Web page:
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Farmar making believers

Posted: June 12, 2008 2:08 a.m.
Updated: August 13, 2008 5:03 a.m.
A lot of people didn't think Jordan Farmar would be where he is today.

A member of the Lakers Bench Mob, Farmar is a rising star in the NBA.

I was one of those people. A non-believer.

But I had a different look. You see, I was the one guarding Farmar five years ago when he played in the San Fernando Valley. He went to Taft High School in Woodland Hills, I to El Camino. The schools are rivals like the Celtics and the Lakers in the 1960s, or in other words Taft always wins.

But we never let Farmar get going. He wasn't a 7-foot freak of nature, he didn't have bulging muscles, and to me, he certainly didn't have NBA player written on his forehead.

I'll attribute Farmar's lack of success against us to our team defense, our slow down tempo running the Princeton offense and most importantly to Farmar's disinterest. In one game he scored just seven points against us, or two less than he scored in Game 2 against the Celtics. There was a caveat though. He was benched by his coach for the second half.

Eventually, Taft won all four games in my two years as a varsity player, though all were surprisingly close. It was never Farmar who hurt us. It was Super Bowl Champion wide receiver Steve Smith, who had five catches for fifty yards in Super Bowl.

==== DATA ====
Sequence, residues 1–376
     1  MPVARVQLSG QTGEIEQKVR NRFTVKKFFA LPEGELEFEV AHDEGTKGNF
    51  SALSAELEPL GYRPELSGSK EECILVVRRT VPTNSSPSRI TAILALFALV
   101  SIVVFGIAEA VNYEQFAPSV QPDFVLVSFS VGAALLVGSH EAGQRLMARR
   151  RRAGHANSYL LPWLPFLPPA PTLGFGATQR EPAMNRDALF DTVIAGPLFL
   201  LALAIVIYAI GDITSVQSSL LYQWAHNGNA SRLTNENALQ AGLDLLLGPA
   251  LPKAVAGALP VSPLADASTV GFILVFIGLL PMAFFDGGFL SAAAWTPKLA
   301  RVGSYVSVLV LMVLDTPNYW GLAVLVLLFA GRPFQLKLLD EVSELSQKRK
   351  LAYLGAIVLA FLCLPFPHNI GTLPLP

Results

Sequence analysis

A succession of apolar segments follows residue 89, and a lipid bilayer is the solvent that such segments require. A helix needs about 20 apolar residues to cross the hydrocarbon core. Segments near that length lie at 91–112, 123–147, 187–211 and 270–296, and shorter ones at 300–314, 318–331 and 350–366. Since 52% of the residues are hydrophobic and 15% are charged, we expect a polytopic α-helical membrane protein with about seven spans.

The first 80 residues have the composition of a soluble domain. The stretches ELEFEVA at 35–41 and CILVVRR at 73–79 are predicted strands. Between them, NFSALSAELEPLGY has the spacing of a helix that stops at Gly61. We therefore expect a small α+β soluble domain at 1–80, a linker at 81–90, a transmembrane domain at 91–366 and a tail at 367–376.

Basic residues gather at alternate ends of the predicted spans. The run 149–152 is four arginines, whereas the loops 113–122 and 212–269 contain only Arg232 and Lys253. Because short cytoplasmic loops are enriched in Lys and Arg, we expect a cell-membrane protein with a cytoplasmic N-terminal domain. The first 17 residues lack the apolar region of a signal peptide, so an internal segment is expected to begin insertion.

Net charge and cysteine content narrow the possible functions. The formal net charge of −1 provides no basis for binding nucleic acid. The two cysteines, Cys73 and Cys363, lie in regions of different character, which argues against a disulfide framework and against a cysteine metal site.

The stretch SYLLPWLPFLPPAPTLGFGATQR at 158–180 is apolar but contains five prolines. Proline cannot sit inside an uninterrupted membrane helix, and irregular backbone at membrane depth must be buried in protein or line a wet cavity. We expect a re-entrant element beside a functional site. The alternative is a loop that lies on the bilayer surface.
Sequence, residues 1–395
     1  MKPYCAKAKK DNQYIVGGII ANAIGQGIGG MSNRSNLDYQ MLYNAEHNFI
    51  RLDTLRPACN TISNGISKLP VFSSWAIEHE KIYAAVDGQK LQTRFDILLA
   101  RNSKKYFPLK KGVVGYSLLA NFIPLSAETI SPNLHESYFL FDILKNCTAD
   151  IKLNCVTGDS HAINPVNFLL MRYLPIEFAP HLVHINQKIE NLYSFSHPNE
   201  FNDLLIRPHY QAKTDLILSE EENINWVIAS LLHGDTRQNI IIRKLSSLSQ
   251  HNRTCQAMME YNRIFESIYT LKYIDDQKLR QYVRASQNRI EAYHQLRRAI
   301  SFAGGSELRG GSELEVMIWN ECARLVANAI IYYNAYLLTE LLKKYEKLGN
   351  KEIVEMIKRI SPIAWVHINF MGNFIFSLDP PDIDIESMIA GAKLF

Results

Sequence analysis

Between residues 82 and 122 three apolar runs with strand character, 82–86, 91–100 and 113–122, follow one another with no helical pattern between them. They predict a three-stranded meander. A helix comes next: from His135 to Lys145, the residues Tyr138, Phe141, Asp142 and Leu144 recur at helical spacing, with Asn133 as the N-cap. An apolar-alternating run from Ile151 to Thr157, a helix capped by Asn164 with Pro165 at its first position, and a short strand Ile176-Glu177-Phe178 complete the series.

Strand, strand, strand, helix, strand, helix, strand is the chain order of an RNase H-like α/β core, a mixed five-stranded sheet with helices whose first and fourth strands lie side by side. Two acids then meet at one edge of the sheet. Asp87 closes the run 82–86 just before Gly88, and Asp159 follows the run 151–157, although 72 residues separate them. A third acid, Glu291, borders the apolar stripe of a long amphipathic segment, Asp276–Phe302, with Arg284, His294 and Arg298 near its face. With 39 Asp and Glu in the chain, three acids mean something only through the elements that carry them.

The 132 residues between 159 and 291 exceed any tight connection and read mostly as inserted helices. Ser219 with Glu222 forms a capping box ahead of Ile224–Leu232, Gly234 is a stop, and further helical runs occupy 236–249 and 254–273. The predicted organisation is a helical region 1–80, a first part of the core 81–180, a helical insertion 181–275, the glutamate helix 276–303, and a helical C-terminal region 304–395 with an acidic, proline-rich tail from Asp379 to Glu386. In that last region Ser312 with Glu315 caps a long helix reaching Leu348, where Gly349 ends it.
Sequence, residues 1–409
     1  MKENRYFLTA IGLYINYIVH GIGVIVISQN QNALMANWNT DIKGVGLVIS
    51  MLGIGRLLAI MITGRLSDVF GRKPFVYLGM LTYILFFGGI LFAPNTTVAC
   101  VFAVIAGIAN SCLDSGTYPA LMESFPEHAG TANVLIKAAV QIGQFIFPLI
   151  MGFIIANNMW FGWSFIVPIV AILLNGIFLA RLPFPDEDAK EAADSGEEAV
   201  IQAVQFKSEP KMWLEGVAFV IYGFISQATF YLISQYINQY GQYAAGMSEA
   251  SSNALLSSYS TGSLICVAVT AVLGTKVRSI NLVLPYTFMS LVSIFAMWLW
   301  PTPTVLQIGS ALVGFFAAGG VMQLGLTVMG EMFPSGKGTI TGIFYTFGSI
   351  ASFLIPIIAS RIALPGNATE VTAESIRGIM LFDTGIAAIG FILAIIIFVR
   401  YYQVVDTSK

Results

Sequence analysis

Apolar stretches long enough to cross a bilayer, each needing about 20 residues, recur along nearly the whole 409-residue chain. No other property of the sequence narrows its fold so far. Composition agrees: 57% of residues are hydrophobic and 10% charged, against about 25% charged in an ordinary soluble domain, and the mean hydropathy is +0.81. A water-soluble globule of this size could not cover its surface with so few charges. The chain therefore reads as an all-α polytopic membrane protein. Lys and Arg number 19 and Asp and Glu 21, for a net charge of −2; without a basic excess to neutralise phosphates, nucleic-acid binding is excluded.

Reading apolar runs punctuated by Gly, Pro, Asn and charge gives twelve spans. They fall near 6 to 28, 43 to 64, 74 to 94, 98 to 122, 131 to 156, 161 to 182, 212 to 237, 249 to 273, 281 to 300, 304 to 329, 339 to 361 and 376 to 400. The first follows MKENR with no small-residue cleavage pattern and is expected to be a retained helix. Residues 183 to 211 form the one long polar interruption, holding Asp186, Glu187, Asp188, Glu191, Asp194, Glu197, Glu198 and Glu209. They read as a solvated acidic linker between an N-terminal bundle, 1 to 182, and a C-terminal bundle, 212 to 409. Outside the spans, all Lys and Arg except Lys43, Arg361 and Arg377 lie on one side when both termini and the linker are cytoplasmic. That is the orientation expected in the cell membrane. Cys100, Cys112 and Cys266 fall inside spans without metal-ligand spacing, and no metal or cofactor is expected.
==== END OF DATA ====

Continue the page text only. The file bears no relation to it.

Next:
So forgive me for not thinking Farmar would be on the Lakers. For that matter, Farmar didn't see it coming either.

"I didn't think in my wildest dreams I'd be drafted by the Lakers. I feel extremely blessed," he said after practice on June 2. "At times I say, ‘Man, this is pretty incredible. I'm actually a part of this.'

I'm trying to make the most of it. It's been a great ride."

I didn't even foresee him playing at a basketball power like UCLA.

Farmar went from a relative unknown to a McDonald's All-American seemingly overnight. But he put in the work, making a leap onto scouts radars from his sophomore to his junior season in high school and then another leap again from his junior to senior season. He was named the LA Times Player of the Year. He led his AAU team to a victory over Dwight Howard's Atlanta Celtics. And then he led UCLA to a Final Four.

After two years as a Bruin, he declared for the NBA draft.

By that time, I was a believer. I believed that the Indiana Pacers needed a point guard badly, with incumbent Jamaal Tinsley being more fragile than fine china. I even bet my buddy that Farmar would be long gone before the Lakers was sent to the podium.

Farmar fell into the Lakers lap at No. 26 in the first round. A high IQ kid who considered going to Stanford out of high school, he was perfect for the Lakers triangle. Sure many players picked in the late 20s fizzle out and end up playing overseas, but Farmar was here to stay. He bonded with these Lakers, these guys that Kobe Bryant has been calling his brothers. And he produced. That 40 inch vertical, that smooth jump shot, the aforementioned basketball smarts.

And now this kid that I guarded is playing on basketball's biggest stage in the same year that his high school teammate played in football's grand finale.

One day you're playing against someone in high school and the next you're rooting for them in the Finals.

That'll make you believe.


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